The horse that could count
In the late 1800s, a German maths teacher called Wilhelm Von Osten was convinced that animals had a higher degree of intelligence than people appreciated.
He trained his horse, Hans, to do simple calculations and began a popular tour demonstrating to crowds how clever Hans was.
Wilhelm and his trusty steed were subjected to a great degree of scientific scrutiny at the time, but nobody could discredit their unusual talent.
This was until the questioners were asked to stand further back and ask from a distance.
At this point, it was found that Hans was actually responding to very subtle cues in the questioner’s body language to know which answer to give.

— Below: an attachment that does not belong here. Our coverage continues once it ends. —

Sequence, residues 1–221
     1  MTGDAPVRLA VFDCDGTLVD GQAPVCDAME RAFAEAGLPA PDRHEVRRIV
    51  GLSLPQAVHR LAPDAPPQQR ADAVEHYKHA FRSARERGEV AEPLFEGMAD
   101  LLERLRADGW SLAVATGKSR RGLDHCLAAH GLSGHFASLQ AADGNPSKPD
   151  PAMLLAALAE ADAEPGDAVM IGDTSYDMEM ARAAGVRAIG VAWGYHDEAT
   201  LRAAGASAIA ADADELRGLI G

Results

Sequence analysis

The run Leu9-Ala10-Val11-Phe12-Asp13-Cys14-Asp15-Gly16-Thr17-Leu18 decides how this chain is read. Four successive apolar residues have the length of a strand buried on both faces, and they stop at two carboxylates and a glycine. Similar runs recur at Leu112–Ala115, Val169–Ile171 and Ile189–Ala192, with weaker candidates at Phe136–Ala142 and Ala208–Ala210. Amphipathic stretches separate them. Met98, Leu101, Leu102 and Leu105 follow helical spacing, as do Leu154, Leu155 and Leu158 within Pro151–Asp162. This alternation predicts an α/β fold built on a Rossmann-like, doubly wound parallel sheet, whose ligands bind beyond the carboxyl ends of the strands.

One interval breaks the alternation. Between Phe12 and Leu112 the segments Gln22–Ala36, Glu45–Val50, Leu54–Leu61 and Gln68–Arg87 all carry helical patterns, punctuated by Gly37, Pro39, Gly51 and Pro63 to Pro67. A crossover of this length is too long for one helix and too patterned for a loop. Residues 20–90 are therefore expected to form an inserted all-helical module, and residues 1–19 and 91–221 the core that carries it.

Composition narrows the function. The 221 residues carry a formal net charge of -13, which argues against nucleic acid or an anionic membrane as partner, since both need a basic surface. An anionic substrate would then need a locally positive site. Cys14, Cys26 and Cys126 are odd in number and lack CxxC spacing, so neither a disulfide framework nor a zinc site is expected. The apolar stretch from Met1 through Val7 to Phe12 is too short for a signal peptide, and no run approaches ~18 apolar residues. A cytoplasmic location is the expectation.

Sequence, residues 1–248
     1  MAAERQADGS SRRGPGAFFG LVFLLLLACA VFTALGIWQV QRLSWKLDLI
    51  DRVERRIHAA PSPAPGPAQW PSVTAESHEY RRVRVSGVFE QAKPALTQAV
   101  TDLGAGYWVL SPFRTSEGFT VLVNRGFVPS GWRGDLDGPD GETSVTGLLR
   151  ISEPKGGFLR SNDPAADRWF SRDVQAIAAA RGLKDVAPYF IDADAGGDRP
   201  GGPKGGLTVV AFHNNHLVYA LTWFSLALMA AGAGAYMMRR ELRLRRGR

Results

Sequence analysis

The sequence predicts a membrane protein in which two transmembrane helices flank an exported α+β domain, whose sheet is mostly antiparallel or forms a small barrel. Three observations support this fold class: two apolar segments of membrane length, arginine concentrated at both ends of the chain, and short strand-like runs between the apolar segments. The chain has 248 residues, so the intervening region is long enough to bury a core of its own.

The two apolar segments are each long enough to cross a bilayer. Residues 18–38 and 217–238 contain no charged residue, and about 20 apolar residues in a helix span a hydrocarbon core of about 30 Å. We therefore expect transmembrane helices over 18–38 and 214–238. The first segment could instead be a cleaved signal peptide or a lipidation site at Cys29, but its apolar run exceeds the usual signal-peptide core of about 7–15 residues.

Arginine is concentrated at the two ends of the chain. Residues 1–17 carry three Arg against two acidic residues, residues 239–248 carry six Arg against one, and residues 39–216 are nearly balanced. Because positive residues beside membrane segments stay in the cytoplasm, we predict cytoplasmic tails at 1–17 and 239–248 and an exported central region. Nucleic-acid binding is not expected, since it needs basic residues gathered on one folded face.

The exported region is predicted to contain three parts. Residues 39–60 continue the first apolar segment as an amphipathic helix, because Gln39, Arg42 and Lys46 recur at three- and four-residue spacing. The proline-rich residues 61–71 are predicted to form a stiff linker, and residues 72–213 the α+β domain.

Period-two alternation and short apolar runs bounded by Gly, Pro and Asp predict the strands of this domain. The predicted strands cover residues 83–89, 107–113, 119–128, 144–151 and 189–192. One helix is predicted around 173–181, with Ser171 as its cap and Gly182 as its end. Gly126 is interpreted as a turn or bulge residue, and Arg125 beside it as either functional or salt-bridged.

The questioners were blissfully unaware that they were giving the answers away.
The ‘Clever Hans Effect’ and the idea of misattribution of the causality, has been a big driving force within the social sciences to carry out proper experiments that fairly test an intervention’s efficacy.
For more great stories like these and to learn about the social science behind them check out our course on Behavioural Economics.